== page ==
Native American Symbol Wind

Native American Symbol for Wind

Native American Symbol for Wind

Meaning of Native American Symbol for Wind

I got a question about the Native American symbol for wind, or more accurately, these magnificent people’s concept of wind.

I can’t claim to capture the tremendous depth and reverence this concept invokes…but this page gives a fair shot at trying to capsulate the intangible 🙂

My studies and observations indicate the first peoples of North America considered the wind to be a living force in and of itself . The wind is a god – a power that is capable of communicating a larger-than-life language to those who would hear it. Those who were certifiably authorized to interpret these cosmic messages were shamans, medicine men, and the wise and spiritual leaders among tribes.

A common Native American Indian symbol for wind is (shown top page). It’s a common motif among many North American tribes including Apache, Navajo and Hopi. It’s considered a protective emblem and invokes the power of the four winds.

Interestingly, this is also a symbol of life and interpreted this way the sides symbolize…

Native American Symbol Represents Life

  • Unity
  • Freedom
  • Eternity
  • Balance

The Inuit Indians had an Air Spirit among the ranks of their Sila (a term that means Wisdom and Weather). Their Air Spirit controls the seas, skies and wind. Although considered a kind and beneficial spirit, it strikes wrath against liars, beggars and theives in the form of illnesses. It is also blamed for bad weather and poor hunting.

“The wind gives our children the spirit of life.”

~Chief Seattle

Among the Micmac (a tribe belonging to the Wabanaki Confederacy native to New Brunswick and Nova Scotia. They also migrated to Maine, US) there is a story of a hero named (in English) Strong Wind who turned evil people (specifically the nefarious sisters of his beloved) into aspen trees, and to this day he makes them tremble in fear when he comes near the aspen forest.

Outside of the US, the Aztec wind-god, Ehecatle (a facet of Quetzalcoatl), was believed to blow the moon and sun into orbit.

From a Native perspective, the wind seems to be personified as divine messenger, able to manipulate unseen energy. What an amazing experience to open the ears and have the voice of god emptied into it. Or, to view the path of the winds and know it is the soul of a divine being that is sweeping through the land.

These concepts made me think more deeply about the wind and its behavior in my little world. Perhaps they will for you too.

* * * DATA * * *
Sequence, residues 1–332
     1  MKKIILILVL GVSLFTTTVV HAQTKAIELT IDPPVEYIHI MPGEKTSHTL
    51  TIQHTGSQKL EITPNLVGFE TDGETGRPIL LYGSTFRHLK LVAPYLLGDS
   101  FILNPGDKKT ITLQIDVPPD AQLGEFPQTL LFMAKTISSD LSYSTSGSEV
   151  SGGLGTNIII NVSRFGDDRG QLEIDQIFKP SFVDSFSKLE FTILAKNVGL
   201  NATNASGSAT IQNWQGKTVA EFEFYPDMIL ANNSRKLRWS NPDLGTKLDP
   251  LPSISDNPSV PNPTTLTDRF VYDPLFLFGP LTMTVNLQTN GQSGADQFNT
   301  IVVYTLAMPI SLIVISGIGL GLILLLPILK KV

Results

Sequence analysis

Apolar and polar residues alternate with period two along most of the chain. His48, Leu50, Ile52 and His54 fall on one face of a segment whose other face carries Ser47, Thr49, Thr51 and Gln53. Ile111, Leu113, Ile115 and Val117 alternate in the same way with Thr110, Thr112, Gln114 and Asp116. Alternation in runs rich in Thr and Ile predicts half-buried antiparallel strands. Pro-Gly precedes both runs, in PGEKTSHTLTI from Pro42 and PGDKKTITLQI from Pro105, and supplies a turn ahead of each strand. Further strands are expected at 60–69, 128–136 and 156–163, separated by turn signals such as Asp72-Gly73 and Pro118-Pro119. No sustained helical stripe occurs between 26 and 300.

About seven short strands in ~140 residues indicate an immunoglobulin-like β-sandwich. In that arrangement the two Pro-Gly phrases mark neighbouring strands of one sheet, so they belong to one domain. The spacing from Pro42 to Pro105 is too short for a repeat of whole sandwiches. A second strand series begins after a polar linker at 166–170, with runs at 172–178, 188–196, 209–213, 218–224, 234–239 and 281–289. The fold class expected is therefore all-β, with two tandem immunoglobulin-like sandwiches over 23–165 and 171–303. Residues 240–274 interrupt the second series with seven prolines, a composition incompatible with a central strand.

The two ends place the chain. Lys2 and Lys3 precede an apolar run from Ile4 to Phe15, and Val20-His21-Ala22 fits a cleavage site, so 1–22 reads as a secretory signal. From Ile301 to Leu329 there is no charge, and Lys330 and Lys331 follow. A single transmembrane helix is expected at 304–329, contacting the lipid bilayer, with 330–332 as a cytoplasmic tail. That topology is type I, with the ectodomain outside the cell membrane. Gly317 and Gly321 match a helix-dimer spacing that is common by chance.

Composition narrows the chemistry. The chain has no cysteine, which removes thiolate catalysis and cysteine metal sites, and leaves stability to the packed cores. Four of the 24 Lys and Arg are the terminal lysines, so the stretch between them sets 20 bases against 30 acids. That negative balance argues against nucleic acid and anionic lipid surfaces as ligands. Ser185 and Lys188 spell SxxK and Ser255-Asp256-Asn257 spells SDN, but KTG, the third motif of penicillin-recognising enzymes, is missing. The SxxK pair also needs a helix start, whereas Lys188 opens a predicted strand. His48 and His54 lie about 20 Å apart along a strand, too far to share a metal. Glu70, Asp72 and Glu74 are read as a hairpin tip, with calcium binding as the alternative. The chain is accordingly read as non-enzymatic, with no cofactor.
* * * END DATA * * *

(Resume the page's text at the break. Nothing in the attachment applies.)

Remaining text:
I hope you enjoyed this page on the Native American symbol for wind. For more information on Native American symbol meanings, just check out the related links below. As alwas, thanks for reading!

Other Articles Of Interest On This Site

Native American Symbol of the Bear

As a Native American symbol, the bear is as free in spirit as the great wind; and grander than its mass. To match that magnitude is the quality of unpredictability in the bear. Get more on Native American bear totem meanings here.

Native American Symbols for the Sun

Sun symbols are seen in some shape or fashion in every Native American tribe.  Views and beliefs surrounding the sun symbols vary according to region. Get more on Native American sun symbols here.

An Important Note About Signs, Symbols and Their Meanings

Signs and symbols cultivate their meanings according to culture, context, passage of time, and mass societal opinion. What’s cool and highly important is that signs and symbols earn their most powerful meanings from our own personal perspectives.

This website strives to provide you with the best, time-honored information when defining signs and symbols. However, in the final analysis, “Beauty (and symbolism) is in the eye of the beholder.”

Having said that, it’s in our best interest to invest the time to do personal research on symbolic events happening to us. This website is just one perspective in an ocean of variety and diversity in the realm of symbolism. So dive in! There is a whole universe of deeper meanings to explore! You can start your research by clicking on the links at the end or to the side of this page. Odds are good I’ve got a follow-up article about this symbolic topic. ?

As always, thanks for your willingness to learn more about the language of symbolism. It’s a language that is universal and everywhere. It’s super-groovy to travel with you on your symbolic path, and maybe offer a little translation along the way. Thanks for reading and exploring!